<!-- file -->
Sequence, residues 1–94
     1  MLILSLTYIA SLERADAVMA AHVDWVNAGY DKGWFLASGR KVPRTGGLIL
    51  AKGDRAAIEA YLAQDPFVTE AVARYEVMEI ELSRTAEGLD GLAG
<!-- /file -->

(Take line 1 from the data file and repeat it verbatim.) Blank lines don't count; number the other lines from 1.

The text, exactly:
Sequence, residues 1–94